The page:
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There's a song from the musical Cabaret called Maybe This Time. A year ago, as the country debated the sexual assault charges faced by former CBC host Jian Ghomeshi, "maybe this time" was the tune on everyone's lips. Maybe this time there would be a reckoning, and assault victims' soul-shearing experience in the courtroom would improve. Maybe this time they'd feel more safe and free to come forward with complaints. Maybe this time they'd be believed. Mr. Ghomeshi was found not guilty of the charges facing him.

This mythical time has not arrived. Maybe it never will. Consider a couple of recent cases from across the country, in which the alleged perpetrators of sexual assault, who occupied some position of trust in relation to the complainants, were acquitted.

In Halifax this week, there was an uproar when Halifax taxi driver Bassam al-Rawi was acquitted of an assault charge stemming from May, 2015. He was acquitted despite the fact that police found his female passenger nearly naked in the back of his cab, drunk and passed out, with her urine-soaked pants removed. Mr. al-Rawi's pants were unfastened and he had the complainant's DNA on his mouth.

The female passenger didn't remember much about the night, and the case apparently hinged on that. "The Crown failed to produce any evidence of lack of consent at any time," Judge Gregory Lenehan said in his ruling, and also, "clearly a drunk can consent." How exactly would consent be proved? Perhaps all taxis need to be fitted with a dash-cam facing backwards.

The Halifax case will be argued in legal circles for years to come, I'm sure, as the issues around intoxication and consent are thorny and complex. But let's set aside the legal bar for conviction, which is high for all criminal cases, and look at the moral one. Why would anyone think he had the right to seek sexual gratification from a person who was so drunk that she was incoherent, who had been refused entry to a bar, who had a blood-alcohol level way over the limit? What human being would possibly consider that a good idea? Why do some men have such enraging beliefs about what should be theirs, even when it is not?

There's been a loud outcry against the ruling. Complaints against Judge Lenehan have been filed with Nova Scotia's judicial oversight body. There are demonstrations planned. The fallout from the ruling may be damaging. As University of Ottawa law professor Elizabeth Sheehy told the CBC, "I think the message to the public at large is it's open season on incapacitated women."

That message would be amplified by another disturbing acquittal, this one by a jury in St. John's, also revolving around the issue of consent. It also involved an abuse of trust. There, Constable Carl Douglas Snelgrove was found not guilty of sexually assaulting an intoxicated woman he'd driven home from a bar – on duty, and in uniform. She testified that she passed out and woke up to find him having anal sex with her, and did not remember giving consent. His lawyer argued that he believed she had.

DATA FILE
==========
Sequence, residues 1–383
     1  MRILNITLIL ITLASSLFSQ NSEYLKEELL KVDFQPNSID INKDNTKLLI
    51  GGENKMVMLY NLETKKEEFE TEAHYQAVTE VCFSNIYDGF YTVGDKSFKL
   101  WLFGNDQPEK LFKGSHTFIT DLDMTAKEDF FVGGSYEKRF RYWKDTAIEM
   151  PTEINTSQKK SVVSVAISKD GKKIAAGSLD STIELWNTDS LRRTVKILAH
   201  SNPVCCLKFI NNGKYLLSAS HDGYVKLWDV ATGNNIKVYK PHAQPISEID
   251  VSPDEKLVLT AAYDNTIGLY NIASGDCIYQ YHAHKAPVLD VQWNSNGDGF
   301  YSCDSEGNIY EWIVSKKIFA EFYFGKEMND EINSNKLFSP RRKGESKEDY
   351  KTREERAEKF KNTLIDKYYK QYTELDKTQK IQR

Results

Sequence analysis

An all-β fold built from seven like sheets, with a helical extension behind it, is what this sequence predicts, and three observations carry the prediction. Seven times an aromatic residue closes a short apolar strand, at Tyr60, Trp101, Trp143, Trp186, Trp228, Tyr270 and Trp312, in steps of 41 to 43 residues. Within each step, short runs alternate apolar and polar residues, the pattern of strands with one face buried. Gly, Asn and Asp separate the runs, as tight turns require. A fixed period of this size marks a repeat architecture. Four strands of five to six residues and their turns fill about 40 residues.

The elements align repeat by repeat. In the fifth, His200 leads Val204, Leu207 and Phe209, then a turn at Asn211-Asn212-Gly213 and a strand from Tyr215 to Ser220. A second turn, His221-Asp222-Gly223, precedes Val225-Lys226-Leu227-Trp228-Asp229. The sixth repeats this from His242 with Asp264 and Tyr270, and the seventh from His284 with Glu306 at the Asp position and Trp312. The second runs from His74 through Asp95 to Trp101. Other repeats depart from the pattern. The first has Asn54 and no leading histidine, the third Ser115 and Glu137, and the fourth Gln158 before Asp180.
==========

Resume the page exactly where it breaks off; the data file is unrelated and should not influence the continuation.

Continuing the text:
During the case, one of the headlines in the St. John's Telegram read, "Too drunk to remember." The paper later apologized, but it also neatly provided proof of the underlying cultural biases at work whenever a drunk woman is involved. A reminder: Being drunk isn't a crime; sexual assault is.

We'd better get used to having these discussions about consent. We'd better get used to having them early, and often, with girls and boys and teenagers and adult men, some of whom do not deserve the positions of trust they occupy. The movement toward enthusiastic or affirmative consent, which has been bafflingly controversial, has moved into the educational and legal mainstream. It's part of Ontario's educational curriculum, as it should be. Several states, starting with California in 2014, have enshrined the idea of enthusiastic consent, sometimes called "Yes means Yes," into laws around campus behaviour.

The absolute worst outcome from these cases – and related ones, like the dismissal of Indigenous women's sexual assault complaints toward police officers in northern Quebec – would be that they discouraged women from coming forward. The good news is that there has been movement in the right direction: Robyn Doolittle's groundbreaking Unfounded series in The Globe, about discarded sexual assault complaints, has led more than 40 police services across the country to review the way they investigate these allegations.

These cases are distressing, to say the least. But they also unleashed some heroic forces of opposition: The protesters who stood outside the courthouses, and the female cab drivers in Halifax who offered free rides to anyone who felt unsafe. That's in addition to the countless advocates who do the thankless work of standing up for sexual-assault survivors, or the middle-schoolers pushing to have consent put on the curriculum. They continue to fight the good fight. Maybe some day they'll win.

For near two years a team of Globe journalists, including investigative reporter Robyn Doolittle, dug into the figures and the people behind alleged sexual assault cases which police can deem "unfounded.'